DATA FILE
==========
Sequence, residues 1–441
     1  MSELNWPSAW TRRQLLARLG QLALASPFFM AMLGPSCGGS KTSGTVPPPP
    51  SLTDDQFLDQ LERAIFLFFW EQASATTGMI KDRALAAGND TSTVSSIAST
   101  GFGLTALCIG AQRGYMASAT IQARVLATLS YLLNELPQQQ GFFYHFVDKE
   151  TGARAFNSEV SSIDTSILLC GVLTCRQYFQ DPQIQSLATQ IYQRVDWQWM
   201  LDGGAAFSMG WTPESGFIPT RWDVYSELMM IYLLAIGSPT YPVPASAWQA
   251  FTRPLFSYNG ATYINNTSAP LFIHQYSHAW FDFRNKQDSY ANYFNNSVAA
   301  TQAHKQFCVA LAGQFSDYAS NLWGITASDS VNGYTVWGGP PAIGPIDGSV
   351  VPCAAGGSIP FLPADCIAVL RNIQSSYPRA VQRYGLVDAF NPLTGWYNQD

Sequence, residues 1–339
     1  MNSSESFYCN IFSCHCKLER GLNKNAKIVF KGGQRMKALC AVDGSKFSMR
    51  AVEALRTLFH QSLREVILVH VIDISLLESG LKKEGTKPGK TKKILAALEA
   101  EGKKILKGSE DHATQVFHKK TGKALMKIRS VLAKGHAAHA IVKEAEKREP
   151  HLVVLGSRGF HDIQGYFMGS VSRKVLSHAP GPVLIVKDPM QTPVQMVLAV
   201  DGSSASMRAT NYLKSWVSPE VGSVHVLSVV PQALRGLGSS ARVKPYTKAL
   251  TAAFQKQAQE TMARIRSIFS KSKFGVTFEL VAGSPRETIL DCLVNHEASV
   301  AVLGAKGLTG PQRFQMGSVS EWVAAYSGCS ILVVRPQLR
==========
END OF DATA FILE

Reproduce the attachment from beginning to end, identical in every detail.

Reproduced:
Sequence, residues 1–441
     1  MSELNWPSAW TRRQLLARLG QLALASPFFM AMLGPSCGGS KTSGTVPPPP
    51  SLTDDQFLDQ LERAIFLFFW EQASATTGMI KDRALAAGND TSTVSSIAST
   101  GFGLTALCIG AQRGYMASAT IQARVLATLS YLLNELPQQQ GFFYHFVDKE
   151  TGARAFNSEV SSIDTSILLC GVLTCRQYFQ DPQIQSLATQ IYQRVDWQWM
   201  LDGGAAFSMG WTPESGFIPT RWDVYSELMM IYLLAIGSPT YPVPASAWQA
   251  FTRPLFSYNG ATYINNTSAP LFIHQYSHAW FDFRNKQDSY ANYFNNSVAA
   301  TQAHKQFCVA LAGQFSDYAS NLWGITASDS VNGYTVWGGP PAIGPIDGSV
   351  VPCAAGGSIP FLPADCIAVL RNIQSSYPRA VQRYGLVDAF NPLTGWYNQD

Sequence, residues 1–339
     1  MNSSESFYCN IFSCHCKLER GLNKNAKIVF KGGQRMKALC AVDGSKFSMR
    51  AVEALRTLFH QSLREVILVH VIDISLLESG LKKEGTKPGK TKKILAALEA
   101  EGKKILKGSE DHATQVFHKK TGKALMKIRS VLAKGHAAHA IVKEAEKREP
   151  HLVVLGSRGF HDIQGYFMGS VSRKVLSHAP GPVLIVKDPM QTPVQMVLAV
   201  DGSSASMRAT NYLKSWVSPE VGSVHVLSVV PQALRGLGSS ARVKPYTKAL
   251  TAAFQKQAQE TMARIRSIFS KSKFGVTFEL VAGSPRETIL DCLVNHEASV
   301  AVLGAKGLTG PQRFQMGSVS EWVAAYSGCS ILVVRPQLR